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October 17, 2010

Mauritius planters turn their backs on sugar cane

by Jean Paul Arouff

Sugar, a centuries-old pillar of the $10 billion economy of the Indian Ocean island of Mauritius, accounts for roughly 3 percent of gross domestic product and is a major employer.
"The sugar industry can co-exist with property development and energy production but land abandonment by small planters represents a threat to the industry," said Cyril Mayer, CEO of Harel Frere, a sugar manufacturer and property developer.

Mayer said unless the price of sugar per tonne rose to 15,000 Mauritius rupees ($502) from 12,700 rupees currently, small planters will continue to leave sugar cane cultivation.

The Chamber of Agriculture said in June Mauritius sugar output will fall to 450,000 tonnes this year from 467,234 tonnes in 2009 largely due to a reduced area under cultivation.

The country has been losing about 2,200 hectares of sugar cane fields annually. In 2009, it lost 1,900 hectares and the forecast is maintained for this year.

Sugar producers have been hit hard after the European Union cut its guaranteed price for African, Caribbean and Pacific (ACP) sugar by 36 percent. The final tranche took effect last October.

"I am confident that we will achieve rapidly the 15,000 rupees per tonne of sugar. We should continue to implement the sugar sector reform programme and also keep on cutting cost," said Jacques d'Unienville, CEO of Omnicane, a leading producer.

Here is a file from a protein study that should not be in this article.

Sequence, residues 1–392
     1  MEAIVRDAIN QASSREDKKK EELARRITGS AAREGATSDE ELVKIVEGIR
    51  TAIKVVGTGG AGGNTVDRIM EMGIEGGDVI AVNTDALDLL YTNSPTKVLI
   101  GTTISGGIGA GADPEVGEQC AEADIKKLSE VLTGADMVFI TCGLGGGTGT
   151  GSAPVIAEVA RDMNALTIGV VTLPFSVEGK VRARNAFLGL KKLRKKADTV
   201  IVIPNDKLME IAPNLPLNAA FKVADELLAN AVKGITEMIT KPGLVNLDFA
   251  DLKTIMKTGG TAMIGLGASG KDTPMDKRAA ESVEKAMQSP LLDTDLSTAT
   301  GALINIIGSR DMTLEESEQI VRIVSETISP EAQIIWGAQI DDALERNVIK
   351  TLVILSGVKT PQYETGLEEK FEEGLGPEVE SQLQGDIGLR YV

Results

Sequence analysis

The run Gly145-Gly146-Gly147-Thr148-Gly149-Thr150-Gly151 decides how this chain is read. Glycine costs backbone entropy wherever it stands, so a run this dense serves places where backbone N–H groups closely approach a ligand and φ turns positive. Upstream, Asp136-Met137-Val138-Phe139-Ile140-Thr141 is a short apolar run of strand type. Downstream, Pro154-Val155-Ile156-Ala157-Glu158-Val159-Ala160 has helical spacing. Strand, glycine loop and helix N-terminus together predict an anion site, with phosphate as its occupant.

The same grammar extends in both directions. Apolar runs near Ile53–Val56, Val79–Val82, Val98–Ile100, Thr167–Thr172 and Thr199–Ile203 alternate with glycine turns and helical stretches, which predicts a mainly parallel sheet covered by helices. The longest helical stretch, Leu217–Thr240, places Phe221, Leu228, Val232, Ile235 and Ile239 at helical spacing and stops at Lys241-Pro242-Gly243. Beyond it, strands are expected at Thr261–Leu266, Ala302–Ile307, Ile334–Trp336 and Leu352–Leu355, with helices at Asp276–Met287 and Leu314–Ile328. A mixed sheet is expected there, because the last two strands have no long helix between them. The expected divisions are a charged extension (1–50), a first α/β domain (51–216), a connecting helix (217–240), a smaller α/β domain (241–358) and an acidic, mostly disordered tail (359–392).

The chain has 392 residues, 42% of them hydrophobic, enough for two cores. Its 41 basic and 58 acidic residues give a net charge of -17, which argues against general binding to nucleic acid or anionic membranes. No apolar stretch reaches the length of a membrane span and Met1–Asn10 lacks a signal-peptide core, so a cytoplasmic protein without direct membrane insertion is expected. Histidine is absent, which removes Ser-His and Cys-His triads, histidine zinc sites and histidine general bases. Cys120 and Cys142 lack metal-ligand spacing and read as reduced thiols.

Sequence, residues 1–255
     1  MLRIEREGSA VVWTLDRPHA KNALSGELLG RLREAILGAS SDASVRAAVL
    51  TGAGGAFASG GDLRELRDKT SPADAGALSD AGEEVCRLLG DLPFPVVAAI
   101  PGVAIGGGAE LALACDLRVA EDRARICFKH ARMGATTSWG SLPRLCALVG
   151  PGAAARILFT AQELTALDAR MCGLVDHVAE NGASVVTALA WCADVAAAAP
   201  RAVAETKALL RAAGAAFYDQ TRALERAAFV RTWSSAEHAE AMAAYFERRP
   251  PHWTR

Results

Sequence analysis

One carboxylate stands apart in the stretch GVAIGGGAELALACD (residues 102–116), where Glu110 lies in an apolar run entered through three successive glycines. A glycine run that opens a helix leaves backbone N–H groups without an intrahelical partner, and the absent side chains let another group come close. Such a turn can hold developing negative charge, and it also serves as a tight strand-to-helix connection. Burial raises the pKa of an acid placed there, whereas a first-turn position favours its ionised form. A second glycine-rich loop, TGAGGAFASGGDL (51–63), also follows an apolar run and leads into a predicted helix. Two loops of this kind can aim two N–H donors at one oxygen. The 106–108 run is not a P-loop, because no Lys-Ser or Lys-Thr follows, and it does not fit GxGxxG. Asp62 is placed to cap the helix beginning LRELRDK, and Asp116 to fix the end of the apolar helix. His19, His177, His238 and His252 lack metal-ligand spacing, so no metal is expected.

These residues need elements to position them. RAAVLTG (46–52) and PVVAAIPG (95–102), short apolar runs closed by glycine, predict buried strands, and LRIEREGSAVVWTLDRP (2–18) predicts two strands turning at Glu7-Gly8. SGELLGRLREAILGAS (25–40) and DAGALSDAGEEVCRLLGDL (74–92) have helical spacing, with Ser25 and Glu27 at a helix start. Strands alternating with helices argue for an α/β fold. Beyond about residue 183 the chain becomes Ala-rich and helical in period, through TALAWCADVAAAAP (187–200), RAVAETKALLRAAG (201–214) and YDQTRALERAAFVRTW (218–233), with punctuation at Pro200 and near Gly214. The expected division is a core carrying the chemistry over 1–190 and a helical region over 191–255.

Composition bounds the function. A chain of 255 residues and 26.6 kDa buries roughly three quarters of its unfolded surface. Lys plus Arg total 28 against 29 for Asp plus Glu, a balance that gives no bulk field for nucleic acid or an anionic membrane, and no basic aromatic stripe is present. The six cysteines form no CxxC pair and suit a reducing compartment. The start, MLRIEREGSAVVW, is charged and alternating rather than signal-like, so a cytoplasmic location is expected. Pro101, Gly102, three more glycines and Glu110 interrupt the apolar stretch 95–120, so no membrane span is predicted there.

He said a Bank of Mauritius decision to slash the key interest by 1 percentage point will also help the industry by containing the appreciation of the rupee against the euro.

Large-scale producers are diversifying their revenue by producing electricity and ethanol and have shed human labour for machines. But small-scale farmers have found it harder to cope.

Omnicane said it will produce between 175,000 and 180,000 tonnes of refined sugar in 2011 up from 100 000 tonnes this year as it refinery reached cruising speed.

D'Uniemville said Omnicane also sees big potential in ethanol production.

"Last year Mauritius exported 100,000 tonnes of molasses. I think we could use some 80,000 tonnes of it to produce 20 million litres of ethanol.

"Mauritius imports around 125,000 litres of gasoline per year. We could use a percentage of the ethanol produced locally as additive to the gasoline. Tests have already been conducted and it showed it can be done," he said.

Cyril Mayer said Mauritius which produces 18 percent of its power from burning bagasse, the waste generated when crushing sugar cane, can increase this production to 25 percent by 2025.

"What we need is to develop and spread high fibre content sugar cane around the island. Our neighbour Reunion island is already doing it," he said.


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